Our brains love symmetry. Our world loves symmetry. Why? There is actually a science behind it.

But I’m no scientist so I won’t dive into it! 😛 Let’s instead dive into creating some symmetrical art!

WHAT YOU WILL NEED:

You can find the products below at Amazon, Dick Blick, C2F, H.E.B, Pens Etc and United Art and Education. Click on the image itself to shop for it at our Amazon store.

Abstract project using maped products

Cubism project using maped products

Fall art project using maped products

Step 1

Using a compass, draw the largest circle possible on your paper.

Step 2

Fold your paper in half twice, making sure the center point made from your compass is in the middle.

Step 3

Fold your paper twice inwards to create 8 equal sections in your circle.

Step 4

When you open your paper up it should look like this.

Step 5

Using one of the sections, draw a design that you will replicate all around your circle. Make sure it is symmetrical.

Step 6

If you don’t like your first design, use another blank space to draw another one.

Step 7

Settle on one design and create a final draft for it using your marker. Below are some examples of designs you may use depending on how detailed you want to be.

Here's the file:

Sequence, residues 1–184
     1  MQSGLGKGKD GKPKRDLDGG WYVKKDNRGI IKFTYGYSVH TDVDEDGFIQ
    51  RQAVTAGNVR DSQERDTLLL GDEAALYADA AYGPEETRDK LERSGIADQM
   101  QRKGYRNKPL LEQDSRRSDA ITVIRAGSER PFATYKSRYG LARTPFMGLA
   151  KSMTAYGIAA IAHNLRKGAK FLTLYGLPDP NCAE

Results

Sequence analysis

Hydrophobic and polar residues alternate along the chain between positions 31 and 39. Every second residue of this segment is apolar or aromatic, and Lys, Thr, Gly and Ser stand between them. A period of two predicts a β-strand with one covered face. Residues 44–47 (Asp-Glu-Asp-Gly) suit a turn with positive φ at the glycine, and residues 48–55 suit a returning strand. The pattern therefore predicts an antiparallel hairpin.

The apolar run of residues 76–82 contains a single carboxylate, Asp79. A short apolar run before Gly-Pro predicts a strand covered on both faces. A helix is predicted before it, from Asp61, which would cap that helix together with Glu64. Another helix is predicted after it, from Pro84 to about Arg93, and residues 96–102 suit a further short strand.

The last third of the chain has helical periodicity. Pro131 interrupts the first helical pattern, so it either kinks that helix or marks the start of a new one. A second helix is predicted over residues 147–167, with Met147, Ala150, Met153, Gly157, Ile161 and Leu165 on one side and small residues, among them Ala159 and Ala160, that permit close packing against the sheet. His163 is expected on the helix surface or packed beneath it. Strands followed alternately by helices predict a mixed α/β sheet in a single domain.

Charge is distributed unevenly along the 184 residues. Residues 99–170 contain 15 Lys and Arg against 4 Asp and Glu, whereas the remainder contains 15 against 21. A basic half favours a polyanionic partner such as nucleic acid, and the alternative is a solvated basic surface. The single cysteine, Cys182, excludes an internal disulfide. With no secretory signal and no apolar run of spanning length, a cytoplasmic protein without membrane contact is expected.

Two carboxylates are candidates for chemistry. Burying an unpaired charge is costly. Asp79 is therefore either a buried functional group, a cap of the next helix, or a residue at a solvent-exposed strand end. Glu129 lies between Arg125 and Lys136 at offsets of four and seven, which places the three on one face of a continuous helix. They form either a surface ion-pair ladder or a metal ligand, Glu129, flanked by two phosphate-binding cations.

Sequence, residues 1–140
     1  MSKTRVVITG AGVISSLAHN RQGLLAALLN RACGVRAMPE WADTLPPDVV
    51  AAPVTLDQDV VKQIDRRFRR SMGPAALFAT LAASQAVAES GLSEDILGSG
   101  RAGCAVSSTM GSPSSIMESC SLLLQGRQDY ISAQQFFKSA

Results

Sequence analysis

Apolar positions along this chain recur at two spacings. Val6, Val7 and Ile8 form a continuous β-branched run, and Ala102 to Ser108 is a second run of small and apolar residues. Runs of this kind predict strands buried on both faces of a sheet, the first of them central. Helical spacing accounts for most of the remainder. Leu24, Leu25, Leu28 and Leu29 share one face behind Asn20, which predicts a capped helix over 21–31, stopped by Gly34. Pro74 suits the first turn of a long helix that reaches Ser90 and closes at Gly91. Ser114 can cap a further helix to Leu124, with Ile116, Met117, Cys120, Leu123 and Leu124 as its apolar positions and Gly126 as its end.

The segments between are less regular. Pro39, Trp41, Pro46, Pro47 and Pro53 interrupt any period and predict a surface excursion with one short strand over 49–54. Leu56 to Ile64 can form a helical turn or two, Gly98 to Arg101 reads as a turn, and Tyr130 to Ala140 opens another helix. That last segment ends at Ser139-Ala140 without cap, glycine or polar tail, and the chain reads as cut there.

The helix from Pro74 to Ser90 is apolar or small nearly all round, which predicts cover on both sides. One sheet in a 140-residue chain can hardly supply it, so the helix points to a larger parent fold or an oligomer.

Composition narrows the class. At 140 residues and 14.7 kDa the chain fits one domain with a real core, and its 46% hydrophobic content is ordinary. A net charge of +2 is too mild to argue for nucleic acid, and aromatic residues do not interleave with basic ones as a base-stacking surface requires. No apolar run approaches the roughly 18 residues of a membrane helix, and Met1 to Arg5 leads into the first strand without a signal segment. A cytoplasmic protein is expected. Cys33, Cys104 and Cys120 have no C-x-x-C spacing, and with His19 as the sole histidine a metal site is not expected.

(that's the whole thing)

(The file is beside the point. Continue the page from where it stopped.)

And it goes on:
Step 8

Cut out your chosen design.

Step 9

Place your design on your final draft paper and mark the two sides with marker. Then rotate your design and mark the other side until you have completed the circle. You should end up with 8 symmetrical lines spiraling outwards.

Step 10

Place your design in one of the white spaces and replicate in the space beside it.

Step 11

Repeat until all spaces are filled.

Step 12

Grab your color pencils and fill in the spaces you just created. Get creative and use two colors to fill one space!

Step 13

Leave some white space to help accentuate your colors.

Step 14

You can use scissors or a craft knife for this. Cut out your finished mandala and glue it on a contrasting paper and hang up your finished masterpiece!

Variations for younger kids

  • Use geometric symmetrical shapes and rounded scissors

  • Use broad tip markers